Four weeks after the Grenfell Tower tragedy, the BBC reveals that the Scottish based art therapy charity, The Teapot Trust is assisting traumatised children and teenagers.
Art psychotherapist, Susan Rudnik, has worked for the Teapot Trust since 2016 typically supporting children with chronic illness and psychological trauma at Chelsea and Westminster Hospital.
Susan Rudnik also lives close to the Grenfell Tower and witnessed the tragic circumstances first hand. She quickly established the Art Therapy Hub within the ClementJames Centre based in North Kensington, where she and a team of art therapists support children and teenagers. The art therapy is funded by the Teapot Trust.
Speaking to the BBC she said,
“The children just have some art materials and they’re free to do whatever they want to. That’s been enormously helpful in this crisis and trauma whereby the children are just allowed a space to process their feelings through the art when words really aren’t enough or even possible quite a lot of the time. The tower features in a lot of their drawings because it’s there, it’s in everybody’s eye shot. It’s in everything, it’s everywhere we look, it’s everywhere we go. But also, there’s a lot of other stuff, there’s indescribable things, a lot of mess-making, a lot of stuff that’s just processing which isn’t pretty pictures or even horrible pictures, it’s just something in the art materials themselves that really make it possible for the children to process some of their feelings in a very visceral way.”
Dr Laura N Young MBE and her husband Dr John Young co-founded the Teapot Trust in 2010 after seeing the gaps in the care of their daughter Verity, who suffered from Systemic Lupus Erythematosus (SLE Lupus) and cancer before her tragic death at the age of eight, in 2009.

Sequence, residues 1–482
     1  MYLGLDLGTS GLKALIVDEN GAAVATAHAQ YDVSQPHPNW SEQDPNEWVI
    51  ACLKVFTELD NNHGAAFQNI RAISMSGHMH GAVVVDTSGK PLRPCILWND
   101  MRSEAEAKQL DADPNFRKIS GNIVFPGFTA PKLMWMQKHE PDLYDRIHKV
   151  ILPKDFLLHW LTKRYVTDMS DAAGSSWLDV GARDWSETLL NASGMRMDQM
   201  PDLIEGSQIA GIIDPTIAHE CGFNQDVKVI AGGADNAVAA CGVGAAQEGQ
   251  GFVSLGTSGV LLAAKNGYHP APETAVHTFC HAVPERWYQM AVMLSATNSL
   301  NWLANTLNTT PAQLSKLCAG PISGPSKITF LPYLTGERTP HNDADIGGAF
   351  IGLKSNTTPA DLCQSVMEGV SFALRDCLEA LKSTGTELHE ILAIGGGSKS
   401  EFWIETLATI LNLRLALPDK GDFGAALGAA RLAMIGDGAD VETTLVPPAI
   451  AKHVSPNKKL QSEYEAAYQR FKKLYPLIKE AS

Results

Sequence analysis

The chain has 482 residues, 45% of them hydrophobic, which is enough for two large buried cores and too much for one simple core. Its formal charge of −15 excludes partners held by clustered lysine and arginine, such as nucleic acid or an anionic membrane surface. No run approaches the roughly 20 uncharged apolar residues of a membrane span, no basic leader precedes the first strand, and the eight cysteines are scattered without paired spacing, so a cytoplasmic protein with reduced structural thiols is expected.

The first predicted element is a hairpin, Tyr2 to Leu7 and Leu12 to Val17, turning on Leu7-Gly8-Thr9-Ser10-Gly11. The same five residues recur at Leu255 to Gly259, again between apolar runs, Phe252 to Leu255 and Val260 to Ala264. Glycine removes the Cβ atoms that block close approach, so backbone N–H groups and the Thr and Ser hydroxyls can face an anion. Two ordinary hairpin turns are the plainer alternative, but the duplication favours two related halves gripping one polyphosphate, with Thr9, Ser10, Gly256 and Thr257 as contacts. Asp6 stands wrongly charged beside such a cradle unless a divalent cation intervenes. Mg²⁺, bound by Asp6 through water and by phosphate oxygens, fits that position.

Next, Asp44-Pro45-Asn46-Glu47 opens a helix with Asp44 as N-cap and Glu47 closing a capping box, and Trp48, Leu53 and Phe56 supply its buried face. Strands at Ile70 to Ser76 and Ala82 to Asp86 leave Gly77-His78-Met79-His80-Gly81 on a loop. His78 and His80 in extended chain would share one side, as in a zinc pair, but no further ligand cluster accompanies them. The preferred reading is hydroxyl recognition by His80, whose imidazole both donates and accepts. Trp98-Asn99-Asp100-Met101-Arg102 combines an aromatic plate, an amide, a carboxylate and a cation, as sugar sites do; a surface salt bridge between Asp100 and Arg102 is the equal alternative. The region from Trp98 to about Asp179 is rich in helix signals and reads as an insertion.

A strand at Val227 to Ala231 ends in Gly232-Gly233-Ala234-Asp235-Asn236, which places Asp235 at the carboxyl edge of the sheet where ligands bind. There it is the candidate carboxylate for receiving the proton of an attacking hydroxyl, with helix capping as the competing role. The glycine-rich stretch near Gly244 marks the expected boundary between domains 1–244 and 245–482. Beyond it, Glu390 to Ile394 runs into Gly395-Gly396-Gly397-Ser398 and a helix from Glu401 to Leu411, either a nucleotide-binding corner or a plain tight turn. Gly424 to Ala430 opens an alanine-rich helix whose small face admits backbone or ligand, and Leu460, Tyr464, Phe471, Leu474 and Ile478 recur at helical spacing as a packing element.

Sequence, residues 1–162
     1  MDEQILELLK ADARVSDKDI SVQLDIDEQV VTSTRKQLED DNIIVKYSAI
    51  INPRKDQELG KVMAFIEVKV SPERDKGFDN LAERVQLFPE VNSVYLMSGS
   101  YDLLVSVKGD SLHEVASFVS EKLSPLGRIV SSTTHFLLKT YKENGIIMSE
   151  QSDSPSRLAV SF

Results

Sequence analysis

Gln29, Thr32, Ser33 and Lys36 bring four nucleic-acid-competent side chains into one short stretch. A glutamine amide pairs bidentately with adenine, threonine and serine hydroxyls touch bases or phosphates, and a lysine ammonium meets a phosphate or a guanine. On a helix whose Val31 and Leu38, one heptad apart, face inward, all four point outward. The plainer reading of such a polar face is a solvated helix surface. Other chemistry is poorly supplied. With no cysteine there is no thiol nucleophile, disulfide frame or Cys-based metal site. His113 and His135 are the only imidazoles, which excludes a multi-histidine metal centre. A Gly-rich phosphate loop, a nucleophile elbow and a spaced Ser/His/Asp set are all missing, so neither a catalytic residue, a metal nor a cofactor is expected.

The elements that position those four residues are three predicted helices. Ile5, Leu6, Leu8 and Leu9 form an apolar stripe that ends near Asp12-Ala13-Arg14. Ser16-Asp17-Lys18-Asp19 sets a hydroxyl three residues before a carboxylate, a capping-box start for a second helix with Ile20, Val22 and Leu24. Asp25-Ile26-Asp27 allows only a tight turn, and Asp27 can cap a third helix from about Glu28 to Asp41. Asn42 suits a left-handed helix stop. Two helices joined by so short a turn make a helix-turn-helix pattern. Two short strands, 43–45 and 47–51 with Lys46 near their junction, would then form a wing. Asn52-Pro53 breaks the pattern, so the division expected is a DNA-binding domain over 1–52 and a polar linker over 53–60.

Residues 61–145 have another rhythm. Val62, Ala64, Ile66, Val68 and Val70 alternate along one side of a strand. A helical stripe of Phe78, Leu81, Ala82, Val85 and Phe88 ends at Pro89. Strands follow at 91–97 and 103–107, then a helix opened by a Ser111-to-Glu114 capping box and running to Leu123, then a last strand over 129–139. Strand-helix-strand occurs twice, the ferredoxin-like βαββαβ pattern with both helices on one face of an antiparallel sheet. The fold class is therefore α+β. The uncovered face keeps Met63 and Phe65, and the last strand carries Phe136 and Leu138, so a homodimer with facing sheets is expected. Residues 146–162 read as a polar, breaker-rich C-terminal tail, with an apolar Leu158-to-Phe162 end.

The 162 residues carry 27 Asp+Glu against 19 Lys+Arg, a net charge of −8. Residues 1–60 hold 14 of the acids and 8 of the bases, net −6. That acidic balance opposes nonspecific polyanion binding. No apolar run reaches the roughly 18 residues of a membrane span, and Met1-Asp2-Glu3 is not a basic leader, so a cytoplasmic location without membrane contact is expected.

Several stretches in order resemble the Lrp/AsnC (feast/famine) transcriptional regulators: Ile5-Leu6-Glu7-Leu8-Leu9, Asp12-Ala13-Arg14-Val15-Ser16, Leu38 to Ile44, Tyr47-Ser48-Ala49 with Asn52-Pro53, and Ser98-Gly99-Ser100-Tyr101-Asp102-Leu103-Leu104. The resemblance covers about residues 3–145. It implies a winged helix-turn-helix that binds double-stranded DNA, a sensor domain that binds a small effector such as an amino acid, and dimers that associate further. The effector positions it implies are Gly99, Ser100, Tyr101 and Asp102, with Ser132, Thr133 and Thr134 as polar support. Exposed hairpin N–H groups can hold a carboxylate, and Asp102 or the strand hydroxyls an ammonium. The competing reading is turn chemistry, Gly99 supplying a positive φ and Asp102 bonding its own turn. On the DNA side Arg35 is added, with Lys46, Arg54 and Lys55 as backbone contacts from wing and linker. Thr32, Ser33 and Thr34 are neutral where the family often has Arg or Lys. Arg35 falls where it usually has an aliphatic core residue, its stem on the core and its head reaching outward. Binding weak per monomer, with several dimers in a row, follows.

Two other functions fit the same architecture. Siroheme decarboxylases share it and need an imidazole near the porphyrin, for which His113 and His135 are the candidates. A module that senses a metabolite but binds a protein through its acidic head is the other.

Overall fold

Today, the Teapot Trust is Scotland’s largest employer of clinically trained art therapists, with 17 art therapists running 22 projects in 11 towns and cities, from Inverness to the Borders. It has also expanded into England, with two projects running for children at Chelsea and Westminster Hospital and Great Ormond Street Hospital.
Charity founder, Dr Laura N Young MBE said,
“Susan Rudnick has dedicated her career to art therapy. She is an expert in her field and must be commended for her tenacity and fortitude in reaching out to support others when she herself has witnessed such a tragedy first-hand. The Teapot Trust needs to continue its support of the Grenfell tragedy through art therapy. We are submitting an application for grants to Comic Relief and to the London Community Fund which is supported by Simon Cowell who raised funds with the release of the charity single.”
Anyone wishing to make donations to The Teapot Trust can do so by contacting the charity at http://www.teapot-trust.org/donate-now/ or by calling 0131 273 4340.